Rebuilding Lives in the Palabek Refugee Settlement
In February, we highlighted the early efforts of our missionaries serving in Uganda’s Palabek refugee settlement. In the few short months since, four Salesian priests have made remarkable strides: equipping residents to live dignified, productive lives both within, and eventually outside, the camp — through education, health and hygiene programs, social and pastoral care, and advocacy for basic human rights.
Currently, an estimated 41,000 South Sudanese refugees, 86 percent of whom are women and children, reside at Palabek, which is located just across the northern Ugandan border. Seeking relief from violence, drought and famine at home, the refugees “arrive practically without anything,” explains Father Lazar Arasu, the first Salesian missionary to serve there, and who now directs the Salesian programs provided throughout the camp. “These vulnerable people are hungry, thirsty, naked, sick, lonely … reaching out to them has been a moving experience for me.”
Fr. Lazar first visited the Palabek settlement in June 2017 on the Feast of Corpus Christi. There “out of curiosity,” he discovered a group of Christians praying under a large tree. When he offered to celebrate a proper Mass, they exclaimed, “It’s a miracle!” Word quickly spread among Catholics living in the settlement, who had longed for spiritual ministry for more than a year. Soon, Fr. Lazar was visiting every Sunday from his residence in Gulu, nearly 60 miles away. From August through December, a Catholic refugee named Eugene hosted Fr. Lazar in his small home. And then, in an act of remarkable selflessness, the community built Fr. Lazar his own little hut, where he has lived ever since.
Recalling this experience in an article for Leadership Magazine – Uganda, Fr. Lazar writes, “I consider this a special inspiration and call from God to exercise my priestly and pastoral ministry to the most vulnerable of the world today. Since the refugee population is dominated by young people, it is a way to express my Salesian vocation to serve youth in vulnerable situations.”
Now joined by Fathers Ubaldino Andrade, Albert Canisius and Reddy Papi Gade, Fr. Lazar and his fellow Salesian missionaries comprise the only humanitarian organization that maintains permanent residence within Palabek. Through this dedication, they have succeeded in winning the hearts, and trust, of the people whom they serve.
In addition to celebrating Sunday Mass in nine chapels throughout the refugee settlement, performing hundreds of baptisms, and preparing to administer additional Sacraments, missionaries provide clean water and improved sanitation facilities for residents. They also employ skilled workers from among the refugee population to help build chapels, schools and other facilities. This practice not only helps workers feel valued and useful, but also provides a decent salary with which they can purchase additional food and other necessities for themselves and their families. As part of this same effort, missionaries recently launched a “Learn as You Work” program that offers carpentry apprenticeship opportunities to young men as they participate in ongoing construction projects alongside their trained peers. The Salesians are also teaching many other refugees to grow vegetables, raise poultry, make soap and produce shoes. These income-generating skills also provide crucial resources for the broader refugee population.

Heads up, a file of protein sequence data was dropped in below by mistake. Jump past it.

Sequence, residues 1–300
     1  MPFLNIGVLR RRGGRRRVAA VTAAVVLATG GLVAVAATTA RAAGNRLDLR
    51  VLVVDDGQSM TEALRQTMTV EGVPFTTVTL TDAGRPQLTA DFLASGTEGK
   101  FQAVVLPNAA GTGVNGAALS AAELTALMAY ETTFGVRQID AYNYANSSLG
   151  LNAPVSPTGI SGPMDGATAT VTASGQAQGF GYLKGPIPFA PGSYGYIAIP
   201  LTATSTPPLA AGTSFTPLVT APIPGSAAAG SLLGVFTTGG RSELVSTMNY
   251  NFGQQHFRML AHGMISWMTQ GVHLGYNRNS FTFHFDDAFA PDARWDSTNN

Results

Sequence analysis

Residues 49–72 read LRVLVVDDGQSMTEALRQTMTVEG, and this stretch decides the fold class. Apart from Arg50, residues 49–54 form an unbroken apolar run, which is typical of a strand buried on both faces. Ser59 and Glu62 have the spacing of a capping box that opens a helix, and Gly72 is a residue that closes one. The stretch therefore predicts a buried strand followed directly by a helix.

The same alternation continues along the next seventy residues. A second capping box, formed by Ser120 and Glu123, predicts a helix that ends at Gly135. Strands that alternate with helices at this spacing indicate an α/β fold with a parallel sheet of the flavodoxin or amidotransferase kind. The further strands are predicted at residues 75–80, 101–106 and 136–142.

And there’s more! Over 1,000 children now attend one of four Salesian-run nursery schools. Soon, a new vocational training center will offer courses in carpentry, masonry, knitting and child care. And missionaries have developed a variety of innovative programs and interventions to help refugees discover their hidden potential for promoting peace, dignity and socio-economic development. At a recent Leadership and Peace workshop, for example, youth from around the camp gathered to learn how they can become “change agents” in their country’s future — by first bridging the gap between themselves and their peers. Cultural activities, such as group singing and dance competitions organized by the Salesian community, further develop a sense of camaraderie among the young.
“Human life is not only food, clothing and shelter,” writes Fr. Lazar. “Refugees need security, education, psychosocial support and more to live a meaningful life. People have been reduced to zero. They have lost their homes, property, and above all their dear ones and their dignity as human beings.”
Thanks to four Salesian missionaries at Palabek, thousands of refugees are now beginning to rebuild their lives, and futures, from the ground up.
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